At any given moment during the day, an estimated 660,000 U.S. drivers are talking, texting, tweeting, or otherwise using their cell phones, according to recent data from the U.S. Department of Transportation. Our Joplin personal injury lawyers know that these distracted drivers are more likely to be involved in car accidents that cause serious, life-threatening injuries to other motorists or to the drivers themselves.
Recently, a Colorado family released a photograph of their son's final text message, which was composed in the seconds before he was killed in a single-vehicle accident. Witnesses to the crash say 22 year-old Alexander Heit appeared to have his head down when he veered out of his lane into oncoming traffic. When Heit looked up and realized what had happened, he jerked the steering wheel hard and overcorrected, causing his vehicle to run off the other side of the road and overturn several times. Heit was taken from the scene by ambulance, but he later died at the hospital.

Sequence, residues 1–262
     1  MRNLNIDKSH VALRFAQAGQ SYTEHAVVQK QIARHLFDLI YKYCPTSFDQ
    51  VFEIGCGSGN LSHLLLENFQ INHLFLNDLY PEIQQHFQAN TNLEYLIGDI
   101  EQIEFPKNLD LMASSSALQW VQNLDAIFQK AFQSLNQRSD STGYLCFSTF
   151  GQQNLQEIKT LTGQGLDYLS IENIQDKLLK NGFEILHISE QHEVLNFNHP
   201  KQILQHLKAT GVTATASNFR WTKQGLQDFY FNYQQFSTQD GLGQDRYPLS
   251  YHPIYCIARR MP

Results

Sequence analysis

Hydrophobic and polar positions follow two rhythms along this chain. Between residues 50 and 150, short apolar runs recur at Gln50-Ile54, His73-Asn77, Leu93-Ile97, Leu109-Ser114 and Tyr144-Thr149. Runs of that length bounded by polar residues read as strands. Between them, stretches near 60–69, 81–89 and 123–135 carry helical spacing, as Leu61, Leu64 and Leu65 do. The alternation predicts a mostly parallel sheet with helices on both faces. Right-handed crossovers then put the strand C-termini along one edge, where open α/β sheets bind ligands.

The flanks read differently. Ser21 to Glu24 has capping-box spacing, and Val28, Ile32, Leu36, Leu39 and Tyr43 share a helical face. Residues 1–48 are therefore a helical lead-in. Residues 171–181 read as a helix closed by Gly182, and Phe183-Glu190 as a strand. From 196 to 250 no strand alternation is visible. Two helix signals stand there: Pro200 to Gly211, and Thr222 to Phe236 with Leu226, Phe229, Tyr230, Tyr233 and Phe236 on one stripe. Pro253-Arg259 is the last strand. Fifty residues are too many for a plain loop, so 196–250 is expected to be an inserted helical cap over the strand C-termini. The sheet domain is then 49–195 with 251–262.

When police investigated the crash, they found Heit's phone, open to a text message conversation and displaying a partially composed message: "Sounds good my man, seeya soon, ill tw". The message was never sent. Investigators say Heit was not speeding at the time of the crash and had a spotless driving record.
In a statement, Heit's mother said the family decided to release a photograph of the text message in the hope that it would deter others from texting and driving. "I can't bear the thought of anyone else having to go through something like this," Sharon Heit said. "Please, vow to never, NEVER text and drive. In a split second you could ruin your future, injure or kill others, and tear a hole in the heart of everyone who loves you."
Texting and driving by the numbers:
• 196 billion: the number of text messages that were sent or received by Americans in June 2011. The figure represents a 50% increase compared to June 2009.
• 31%: the number of American drivers who admit to sending or reading text messages while driving, according to a report from the Centers for Disease Control and Prevention (CDC).
• 77%: the number of young adult drivers who are "very confident" or "somewhat confident" that they can safely text while driving.
• 4.6 seconds: the average amount of time a driver's eyes are off the road while sending or receiving a single text message. At 55 miles per hour, that's like driving blind for the length of a football field.